Michael Sukkar Claimed His Flights While He Was Campaigning Against Same-Sex Marriage
"Minister Sukkar’s travel was clearly within parliamentary travel guidelines,” his office has said.
Assistant minister to the treasurer Michael Sukkar charged taxpayers close to $1,500 for a day trip to Sydney from his Melbourne electorate on the same day he spoke at an anti–marriage equality rally in Western Sydney.
His office claimed that the purpose of the trip, on a Sunday, was to attend a meeting with religious leaders to discuss charity issues well within his portfolio.
The event, held during the three-month postal survey, at Fairfield showground, was pegged as a "family fair" which included rides, hot food, and lots of speeches about the dangers of marriage equality, and was organised by the Eastern Churches of Australia and the Coalition for Marriage.
The location was in the heart of the group of Labor electorates in Western Sydney that returned a majority "no" vote in the postal survey on whether same-sex couples should be allowed to marry. Coalition for Marriage estimated the crowd at close to 10,000, but BuzzFeed News attended the event and estimated it to be no more than two or three thousand people.
MP for the Melbourne seat of Deakin, Sukkar was one of a range of speakers on the day, including Coalition for Marriage spokesperson Sophie York, the mother featured in the advert concerned about boys wearing dresses, Dr Pansy Lai, and other religious figures opposed to the change in the law.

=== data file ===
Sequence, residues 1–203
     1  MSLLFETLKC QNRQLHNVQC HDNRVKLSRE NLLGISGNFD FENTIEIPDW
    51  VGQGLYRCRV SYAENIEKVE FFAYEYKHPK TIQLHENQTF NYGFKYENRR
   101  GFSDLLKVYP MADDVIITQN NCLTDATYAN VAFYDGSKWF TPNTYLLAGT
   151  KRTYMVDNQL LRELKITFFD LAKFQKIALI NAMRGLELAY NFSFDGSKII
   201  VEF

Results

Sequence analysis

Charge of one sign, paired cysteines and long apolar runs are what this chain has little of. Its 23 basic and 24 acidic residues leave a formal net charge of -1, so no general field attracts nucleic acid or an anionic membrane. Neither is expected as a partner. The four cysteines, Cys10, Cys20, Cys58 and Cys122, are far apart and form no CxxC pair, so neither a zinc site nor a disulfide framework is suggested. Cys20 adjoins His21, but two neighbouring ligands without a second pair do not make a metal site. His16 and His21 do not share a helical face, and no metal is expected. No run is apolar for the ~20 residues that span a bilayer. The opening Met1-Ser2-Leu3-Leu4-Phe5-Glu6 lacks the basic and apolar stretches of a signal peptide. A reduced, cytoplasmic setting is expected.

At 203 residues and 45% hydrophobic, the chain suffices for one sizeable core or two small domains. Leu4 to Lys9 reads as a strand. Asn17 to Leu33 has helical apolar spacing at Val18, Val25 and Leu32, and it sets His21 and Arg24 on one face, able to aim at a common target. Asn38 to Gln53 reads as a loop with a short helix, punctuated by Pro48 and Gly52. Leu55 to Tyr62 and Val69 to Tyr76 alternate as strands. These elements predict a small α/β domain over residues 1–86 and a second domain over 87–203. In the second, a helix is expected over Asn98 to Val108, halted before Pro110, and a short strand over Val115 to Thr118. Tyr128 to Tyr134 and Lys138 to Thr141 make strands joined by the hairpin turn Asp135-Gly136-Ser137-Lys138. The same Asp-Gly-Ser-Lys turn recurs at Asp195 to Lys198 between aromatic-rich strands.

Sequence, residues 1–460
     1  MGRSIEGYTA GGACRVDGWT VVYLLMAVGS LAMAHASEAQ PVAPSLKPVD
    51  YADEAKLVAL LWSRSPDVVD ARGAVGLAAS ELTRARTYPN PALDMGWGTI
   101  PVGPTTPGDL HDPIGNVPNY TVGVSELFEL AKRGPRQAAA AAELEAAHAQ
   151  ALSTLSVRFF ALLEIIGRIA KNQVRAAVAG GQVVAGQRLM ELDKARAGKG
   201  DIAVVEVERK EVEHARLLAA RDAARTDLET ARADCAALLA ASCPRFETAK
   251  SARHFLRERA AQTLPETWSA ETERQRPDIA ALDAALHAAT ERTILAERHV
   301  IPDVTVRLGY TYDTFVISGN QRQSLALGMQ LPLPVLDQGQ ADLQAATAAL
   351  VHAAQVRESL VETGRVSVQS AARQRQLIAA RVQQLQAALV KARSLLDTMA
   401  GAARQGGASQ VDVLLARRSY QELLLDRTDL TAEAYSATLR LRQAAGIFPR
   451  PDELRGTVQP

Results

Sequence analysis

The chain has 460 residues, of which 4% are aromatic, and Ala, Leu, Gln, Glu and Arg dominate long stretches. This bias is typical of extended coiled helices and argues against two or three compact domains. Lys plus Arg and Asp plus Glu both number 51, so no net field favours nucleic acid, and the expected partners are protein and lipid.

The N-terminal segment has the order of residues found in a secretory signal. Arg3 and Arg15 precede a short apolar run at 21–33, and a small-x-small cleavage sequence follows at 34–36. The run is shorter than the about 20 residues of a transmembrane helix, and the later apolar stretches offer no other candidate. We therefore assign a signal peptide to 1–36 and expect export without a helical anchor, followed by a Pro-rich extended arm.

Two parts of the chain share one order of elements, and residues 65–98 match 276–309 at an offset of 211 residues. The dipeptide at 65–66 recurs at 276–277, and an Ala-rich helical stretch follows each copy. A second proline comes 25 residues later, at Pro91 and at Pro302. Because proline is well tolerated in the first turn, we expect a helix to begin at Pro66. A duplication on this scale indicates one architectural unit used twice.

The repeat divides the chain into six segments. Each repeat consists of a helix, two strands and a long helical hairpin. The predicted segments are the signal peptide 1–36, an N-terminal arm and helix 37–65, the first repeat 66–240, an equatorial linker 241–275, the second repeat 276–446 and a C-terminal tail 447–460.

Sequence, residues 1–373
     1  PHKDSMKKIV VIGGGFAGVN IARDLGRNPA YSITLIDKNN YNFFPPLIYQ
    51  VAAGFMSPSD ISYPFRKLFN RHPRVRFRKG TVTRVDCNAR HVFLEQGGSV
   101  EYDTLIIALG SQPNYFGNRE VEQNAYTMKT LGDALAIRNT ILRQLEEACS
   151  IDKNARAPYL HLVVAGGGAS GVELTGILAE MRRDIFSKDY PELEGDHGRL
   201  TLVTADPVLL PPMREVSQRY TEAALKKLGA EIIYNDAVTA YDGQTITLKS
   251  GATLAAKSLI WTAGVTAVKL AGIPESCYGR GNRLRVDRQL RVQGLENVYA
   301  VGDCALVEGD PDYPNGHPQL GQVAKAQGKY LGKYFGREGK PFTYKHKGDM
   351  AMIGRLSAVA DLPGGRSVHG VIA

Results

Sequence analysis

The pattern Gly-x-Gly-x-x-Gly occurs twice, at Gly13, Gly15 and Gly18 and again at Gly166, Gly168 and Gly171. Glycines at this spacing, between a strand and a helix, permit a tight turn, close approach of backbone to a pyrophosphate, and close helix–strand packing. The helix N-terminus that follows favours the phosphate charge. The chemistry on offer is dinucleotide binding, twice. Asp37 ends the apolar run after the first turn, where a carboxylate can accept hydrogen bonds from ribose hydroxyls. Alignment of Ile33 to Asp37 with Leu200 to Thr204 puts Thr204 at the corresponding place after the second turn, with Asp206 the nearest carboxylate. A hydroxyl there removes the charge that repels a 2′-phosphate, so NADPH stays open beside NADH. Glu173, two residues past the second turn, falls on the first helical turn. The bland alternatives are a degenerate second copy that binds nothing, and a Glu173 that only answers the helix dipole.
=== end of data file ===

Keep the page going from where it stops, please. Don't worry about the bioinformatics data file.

According to the latest round of expenses published this week by the new Independent Parliamentary Expenses Authority for the period of October to December last year, Sukkar claimed flights from Melbourne to Sydney on the day of the rally totalling close to $1,000, and official Commonwealth car use in Sydney and Melbourne on Sunday, 8 October, of close to $500.
MPs can only claim travel and Comcar costs for official, electorate, or parliamentary business, and ministers can claim costs if they are attending meetings or events in their portfolio.
A spokesperson for Sukkar told BuzzFeed News that he had been meeting with religious leaders to discuss charity issues – something within his portfolio.
“Minister Sukkar was invited to attend a meeting of senior faith leaders on the 8th October 2017 in relation to a range of issues impacting religious charitable organisations, and he happily addressed an event organised by the Australian Eastern Churches after this meeting," the spokesperson said.
"Minister Sukkar’s travel was clearly within parliamentary travel guidelines.”
BuzzFeed News asked Sukkar's office if those religious leaders were in attendance at the Fairfield fair, and if the meeting was held at the same location, but his office refused to provide any more information.
At the event, Sukkar said he was first and foremost a Maronite Catholic before his role as a minister or as a Liberal or as the MP for Deakin.
In the speech, Sukkar also claimed that same-sex marriage was attacking the country, the flag, faith, and family. He said that the "you can say no" slogan should have been "it's your duty to say no".
Sukkar is not the only MP to claim travel around the postal survey period. Opposition leader Bill Shorten flew to Sydney from Melbourne and back in mid-September to attend and speak at a "yes" rally.
Shorten, however, as the office holder for his party, is able to claim travel expenses far beyond that of a minister or backbencher.
The overhaul of parliamentary entitlements last year came about following then–health minister Sussan Ley resigning at the start of last year over flights to the Gold Coast, where she purchased an apartment while on government business.